At the end of the previous century, scientists made the amazing discovery that the brain changed its structure with different activities, perfecting circuits so that performance could be improved. They called this fundamental brain function 'neuroplasticity'. The word 'neuro' comes from the word neuron, that basic structure in our brain and nervous system which conducts the information via electrical charges, and the second word, 'plasticity' comes from the word 'plastic,' material which may be shaped when soft and then hardened to retain the given shape.
As a result of highly sophisticated, non-invasive technology, scientists are able to study the brain in real time and have come to understand how the learning occurs. The brain receives the information via the senses. The brain changes as a result of the input from the world.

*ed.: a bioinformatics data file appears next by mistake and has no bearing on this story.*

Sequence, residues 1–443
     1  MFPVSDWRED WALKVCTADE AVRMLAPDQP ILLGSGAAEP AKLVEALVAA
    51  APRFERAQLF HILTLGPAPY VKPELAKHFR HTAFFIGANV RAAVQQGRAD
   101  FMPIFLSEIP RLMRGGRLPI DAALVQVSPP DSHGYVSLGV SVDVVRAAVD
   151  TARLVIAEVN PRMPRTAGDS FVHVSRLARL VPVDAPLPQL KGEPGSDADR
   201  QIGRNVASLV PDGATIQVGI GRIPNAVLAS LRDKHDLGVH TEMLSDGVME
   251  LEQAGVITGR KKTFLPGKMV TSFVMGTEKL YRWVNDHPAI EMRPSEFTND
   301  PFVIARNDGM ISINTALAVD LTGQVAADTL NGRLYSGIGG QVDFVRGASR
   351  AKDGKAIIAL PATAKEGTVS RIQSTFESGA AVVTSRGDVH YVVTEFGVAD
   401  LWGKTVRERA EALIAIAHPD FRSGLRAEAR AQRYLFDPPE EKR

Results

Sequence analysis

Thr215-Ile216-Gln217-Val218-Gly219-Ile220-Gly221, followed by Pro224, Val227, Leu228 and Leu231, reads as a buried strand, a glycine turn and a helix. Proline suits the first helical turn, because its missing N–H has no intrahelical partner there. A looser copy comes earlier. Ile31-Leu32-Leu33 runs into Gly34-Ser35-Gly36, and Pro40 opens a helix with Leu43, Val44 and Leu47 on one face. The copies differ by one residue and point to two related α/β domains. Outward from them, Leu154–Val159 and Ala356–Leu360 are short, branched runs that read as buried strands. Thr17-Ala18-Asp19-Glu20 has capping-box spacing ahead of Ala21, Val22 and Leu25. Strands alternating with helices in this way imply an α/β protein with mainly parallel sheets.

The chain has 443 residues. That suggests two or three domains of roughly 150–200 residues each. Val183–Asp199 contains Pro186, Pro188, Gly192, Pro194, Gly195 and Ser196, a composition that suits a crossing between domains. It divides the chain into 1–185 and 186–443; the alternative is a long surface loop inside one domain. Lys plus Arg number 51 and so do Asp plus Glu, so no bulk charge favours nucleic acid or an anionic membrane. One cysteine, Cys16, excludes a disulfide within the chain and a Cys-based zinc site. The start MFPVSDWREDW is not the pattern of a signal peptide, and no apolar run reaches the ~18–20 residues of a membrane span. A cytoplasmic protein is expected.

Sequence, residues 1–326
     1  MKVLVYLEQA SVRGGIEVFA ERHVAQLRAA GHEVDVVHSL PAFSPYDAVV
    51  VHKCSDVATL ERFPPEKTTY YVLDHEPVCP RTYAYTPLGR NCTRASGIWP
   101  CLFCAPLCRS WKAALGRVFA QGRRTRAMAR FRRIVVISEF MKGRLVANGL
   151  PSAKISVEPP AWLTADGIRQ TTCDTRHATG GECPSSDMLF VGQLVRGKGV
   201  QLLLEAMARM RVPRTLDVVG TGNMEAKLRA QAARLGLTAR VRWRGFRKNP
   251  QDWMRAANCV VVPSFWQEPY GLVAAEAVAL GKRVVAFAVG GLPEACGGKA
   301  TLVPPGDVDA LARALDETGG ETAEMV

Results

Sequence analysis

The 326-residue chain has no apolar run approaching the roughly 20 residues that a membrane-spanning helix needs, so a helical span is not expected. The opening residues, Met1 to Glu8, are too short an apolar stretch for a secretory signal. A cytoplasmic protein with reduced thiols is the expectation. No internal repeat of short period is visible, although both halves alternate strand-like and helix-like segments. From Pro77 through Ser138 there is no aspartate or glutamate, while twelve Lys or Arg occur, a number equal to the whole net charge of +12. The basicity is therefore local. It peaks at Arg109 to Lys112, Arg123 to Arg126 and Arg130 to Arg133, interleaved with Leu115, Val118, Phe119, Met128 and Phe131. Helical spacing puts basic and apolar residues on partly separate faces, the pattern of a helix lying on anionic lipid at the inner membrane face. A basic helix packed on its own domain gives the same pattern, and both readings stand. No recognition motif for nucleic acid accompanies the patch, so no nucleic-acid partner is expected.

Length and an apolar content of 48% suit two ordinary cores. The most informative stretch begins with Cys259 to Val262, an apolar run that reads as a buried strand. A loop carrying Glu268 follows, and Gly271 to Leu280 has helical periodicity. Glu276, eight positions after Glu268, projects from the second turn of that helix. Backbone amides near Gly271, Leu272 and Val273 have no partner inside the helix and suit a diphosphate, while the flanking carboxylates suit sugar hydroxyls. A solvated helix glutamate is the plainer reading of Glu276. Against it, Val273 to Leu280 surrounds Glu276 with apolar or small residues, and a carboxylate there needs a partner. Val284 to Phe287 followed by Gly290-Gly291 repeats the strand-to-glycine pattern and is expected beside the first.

The question thus arose. If the brain is changed by exposure from the outside world, how can knowledge derived from neuroscience assist us in teaching in the way that the brain learns optimally. If this is vital for children who have no difficulties in learning, how much more important is this knowledge to address the learning difficulties for those children and adolescents who have specific learning difficulties, such as dyslexia, language-related difficulties, dyscalculia, attention deficit hyperactivity disorder, and those numerous students who are not achieving and making the progress expected of them.
To address the difficulties of these learners, the Turnabout Programme was developed. During the course of a couple of decades, there have been many children, adolescents and university students who have been helped and have gone on to be successful in school, but most importantly, in their lives.